Hello there! I'm Dr. Vinifera, but you can call me Vinny. Ask me your toughest wine questions, from the fine points of etiquette to the science of winemaking. And don't worry, I'm no wine snob—you can also ask me those "dumb questions" you're too embarrased to ask your wine geek friends! I hope you find my answers educational, empowering and even amusing. And don't forget to check out my most asked questions and my full archives for all my Q&A classics.
Dear Dr. Vinny,
I found a pink cork in a bottle of white Zinfandel! Is that normal?
—Joan, Perkasie, Pa.
It’s not strange for the edge of a natural cork that’s in contact with wine to become stained. In my experience, darker wines with more pigment will leave a darker stain, so it's not unlikely that a rosé-style wine like a white Zinfandel would leave a pink stain.
But it is definitely unusual for an entire cork to be stained the color of the wine, or for the cork to be saturated with wine. If a cork is entirely stained—and especially if it’s soggy—it can be a sign that the cork did not have a good seal, and that can be a problem. If wine can get past the cork and the bottle is leaky, that means that air could possibly get into the bottle, causing it to become oxidized. It can also be a sign that the wine was exposed to heat.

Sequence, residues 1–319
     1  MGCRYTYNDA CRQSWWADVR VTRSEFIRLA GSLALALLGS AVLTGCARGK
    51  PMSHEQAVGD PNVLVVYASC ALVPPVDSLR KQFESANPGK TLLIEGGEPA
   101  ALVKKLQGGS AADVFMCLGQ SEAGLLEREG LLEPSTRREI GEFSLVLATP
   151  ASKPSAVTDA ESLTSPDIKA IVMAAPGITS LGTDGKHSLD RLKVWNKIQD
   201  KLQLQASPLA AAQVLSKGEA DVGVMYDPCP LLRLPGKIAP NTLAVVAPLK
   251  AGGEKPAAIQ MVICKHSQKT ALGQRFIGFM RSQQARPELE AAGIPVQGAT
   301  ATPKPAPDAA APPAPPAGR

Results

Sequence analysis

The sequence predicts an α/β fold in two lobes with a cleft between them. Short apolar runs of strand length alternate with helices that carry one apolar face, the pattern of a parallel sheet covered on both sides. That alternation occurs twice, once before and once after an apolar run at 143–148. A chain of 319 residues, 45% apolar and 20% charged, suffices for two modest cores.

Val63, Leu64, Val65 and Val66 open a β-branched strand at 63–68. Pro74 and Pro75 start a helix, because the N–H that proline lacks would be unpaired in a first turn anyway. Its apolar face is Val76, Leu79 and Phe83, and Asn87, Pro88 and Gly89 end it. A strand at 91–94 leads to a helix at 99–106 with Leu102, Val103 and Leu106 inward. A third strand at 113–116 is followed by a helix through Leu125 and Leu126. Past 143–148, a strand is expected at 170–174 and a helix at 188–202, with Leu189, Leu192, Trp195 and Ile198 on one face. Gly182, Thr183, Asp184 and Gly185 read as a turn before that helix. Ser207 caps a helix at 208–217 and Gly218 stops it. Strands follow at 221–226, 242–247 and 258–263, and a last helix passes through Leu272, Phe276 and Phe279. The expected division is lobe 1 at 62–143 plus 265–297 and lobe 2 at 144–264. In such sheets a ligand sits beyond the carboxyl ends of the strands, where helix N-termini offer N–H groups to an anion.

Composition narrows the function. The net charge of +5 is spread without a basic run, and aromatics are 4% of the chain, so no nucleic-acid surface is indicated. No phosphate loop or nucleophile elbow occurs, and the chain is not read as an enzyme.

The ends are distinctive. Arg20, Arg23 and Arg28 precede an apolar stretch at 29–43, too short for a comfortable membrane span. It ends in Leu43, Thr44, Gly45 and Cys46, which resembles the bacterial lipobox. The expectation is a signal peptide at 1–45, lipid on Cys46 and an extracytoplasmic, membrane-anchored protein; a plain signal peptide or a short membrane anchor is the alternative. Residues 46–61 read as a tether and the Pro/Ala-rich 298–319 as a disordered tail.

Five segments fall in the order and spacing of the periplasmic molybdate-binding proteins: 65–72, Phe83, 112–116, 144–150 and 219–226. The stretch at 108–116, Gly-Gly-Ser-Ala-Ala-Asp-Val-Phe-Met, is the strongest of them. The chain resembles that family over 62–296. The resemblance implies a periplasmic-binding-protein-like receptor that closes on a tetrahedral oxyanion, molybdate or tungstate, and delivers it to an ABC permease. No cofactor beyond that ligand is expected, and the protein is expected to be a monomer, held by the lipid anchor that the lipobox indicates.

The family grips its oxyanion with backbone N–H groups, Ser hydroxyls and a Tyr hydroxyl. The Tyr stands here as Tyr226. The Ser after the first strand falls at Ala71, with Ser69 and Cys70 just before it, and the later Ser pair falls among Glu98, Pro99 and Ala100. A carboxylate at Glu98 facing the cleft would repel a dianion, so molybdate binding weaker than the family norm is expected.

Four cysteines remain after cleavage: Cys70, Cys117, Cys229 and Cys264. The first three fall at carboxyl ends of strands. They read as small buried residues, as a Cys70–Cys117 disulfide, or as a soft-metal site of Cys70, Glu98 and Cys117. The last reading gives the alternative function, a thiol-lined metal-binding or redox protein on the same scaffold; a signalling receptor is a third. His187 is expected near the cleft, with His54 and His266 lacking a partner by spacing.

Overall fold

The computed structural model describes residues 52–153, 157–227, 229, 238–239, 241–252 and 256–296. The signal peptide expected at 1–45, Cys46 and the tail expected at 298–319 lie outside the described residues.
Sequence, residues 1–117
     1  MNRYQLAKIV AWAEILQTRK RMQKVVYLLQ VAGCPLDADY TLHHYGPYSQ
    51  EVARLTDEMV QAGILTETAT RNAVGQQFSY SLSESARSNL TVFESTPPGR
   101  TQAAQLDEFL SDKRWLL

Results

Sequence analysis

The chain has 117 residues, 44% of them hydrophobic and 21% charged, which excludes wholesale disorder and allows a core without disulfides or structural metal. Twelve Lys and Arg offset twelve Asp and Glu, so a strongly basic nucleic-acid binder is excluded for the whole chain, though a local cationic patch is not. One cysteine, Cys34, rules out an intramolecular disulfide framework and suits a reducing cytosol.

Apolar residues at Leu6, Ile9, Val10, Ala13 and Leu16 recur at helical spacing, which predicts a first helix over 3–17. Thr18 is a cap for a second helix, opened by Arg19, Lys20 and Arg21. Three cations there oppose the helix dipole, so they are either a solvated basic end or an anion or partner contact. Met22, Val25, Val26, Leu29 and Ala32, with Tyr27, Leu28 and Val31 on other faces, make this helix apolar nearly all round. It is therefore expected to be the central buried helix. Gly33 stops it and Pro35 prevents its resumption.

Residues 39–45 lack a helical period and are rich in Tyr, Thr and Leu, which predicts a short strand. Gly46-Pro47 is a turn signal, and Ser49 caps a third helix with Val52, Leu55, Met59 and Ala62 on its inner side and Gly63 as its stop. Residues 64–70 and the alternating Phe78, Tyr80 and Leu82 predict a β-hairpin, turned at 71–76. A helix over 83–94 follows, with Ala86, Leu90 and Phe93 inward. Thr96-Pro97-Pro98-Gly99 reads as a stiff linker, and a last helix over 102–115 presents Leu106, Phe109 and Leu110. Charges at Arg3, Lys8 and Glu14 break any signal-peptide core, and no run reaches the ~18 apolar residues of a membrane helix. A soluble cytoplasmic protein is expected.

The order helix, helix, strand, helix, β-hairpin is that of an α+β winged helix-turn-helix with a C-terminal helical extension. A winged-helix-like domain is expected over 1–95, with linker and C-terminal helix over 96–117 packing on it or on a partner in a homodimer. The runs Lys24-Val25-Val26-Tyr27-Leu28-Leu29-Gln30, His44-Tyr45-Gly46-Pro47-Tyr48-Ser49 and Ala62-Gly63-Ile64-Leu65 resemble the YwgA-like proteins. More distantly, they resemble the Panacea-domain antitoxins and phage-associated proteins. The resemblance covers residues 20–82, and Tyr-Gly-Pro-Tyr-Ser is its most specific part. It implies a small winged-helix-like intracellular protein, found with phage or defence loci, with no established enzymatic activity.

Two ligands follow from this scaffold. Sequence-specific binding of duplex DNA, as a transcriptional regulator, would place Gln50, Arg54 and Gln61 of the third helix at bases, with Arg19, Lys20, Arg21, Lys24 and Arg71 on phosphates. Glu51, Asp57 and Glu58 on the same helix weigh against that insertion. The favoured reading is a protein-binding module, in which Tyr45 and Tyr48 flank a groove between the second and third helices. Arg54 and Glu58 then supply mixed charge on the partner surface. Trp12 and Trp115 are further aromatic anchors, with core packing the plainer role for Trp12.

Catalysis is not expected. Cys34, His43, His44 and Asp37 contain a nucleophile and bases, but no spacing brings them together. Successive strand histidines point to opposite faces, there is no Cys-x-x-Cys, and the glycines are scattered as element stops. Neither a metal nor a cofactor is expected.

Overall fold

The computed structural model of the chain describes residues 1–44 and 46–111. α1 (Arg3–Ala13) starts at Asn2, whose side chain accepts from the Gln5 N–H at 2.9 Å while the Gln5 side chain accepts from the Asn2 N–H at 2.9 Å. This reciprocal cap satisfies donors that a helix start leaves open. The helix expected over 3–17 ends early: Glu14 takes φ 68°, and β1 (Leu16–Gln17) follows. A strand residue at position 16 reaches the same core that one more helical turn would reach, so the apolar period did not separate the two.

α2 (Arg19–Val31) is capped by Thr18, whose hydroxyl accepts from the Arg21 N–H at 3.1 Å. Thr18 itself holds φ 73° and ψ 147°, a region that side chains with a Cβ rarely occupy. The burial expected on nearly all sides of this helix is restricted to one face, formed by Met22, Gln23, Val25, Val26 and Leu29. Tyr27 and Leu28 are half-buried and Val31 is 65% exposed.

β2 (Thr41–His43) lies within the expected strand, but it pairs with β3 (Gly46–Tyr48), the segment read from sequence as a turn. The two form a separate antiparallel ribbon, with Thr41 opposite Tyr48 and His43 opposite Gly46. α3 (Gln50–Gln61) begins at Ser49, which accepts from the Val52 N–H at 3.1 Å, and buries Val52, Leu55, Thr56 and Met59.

And since it's not quite clear that you mean that the cork was stained pink by the wine, I should point out that synthetic corks—those plastic polymer– or bioplastic-based cork alternatives—come in just about every color of the rainbow. Some wineries have occasionally bottled wines with special limited-edition pink corks in support of Breast Cancer Awareness Month, and Sutter Home White Zinfandel has been bottled with a pink synthetic cork since 2001.
No matter what the reason for your pink cork, you really don’t know if something is amiss with the wine until you open the bottle and taste it.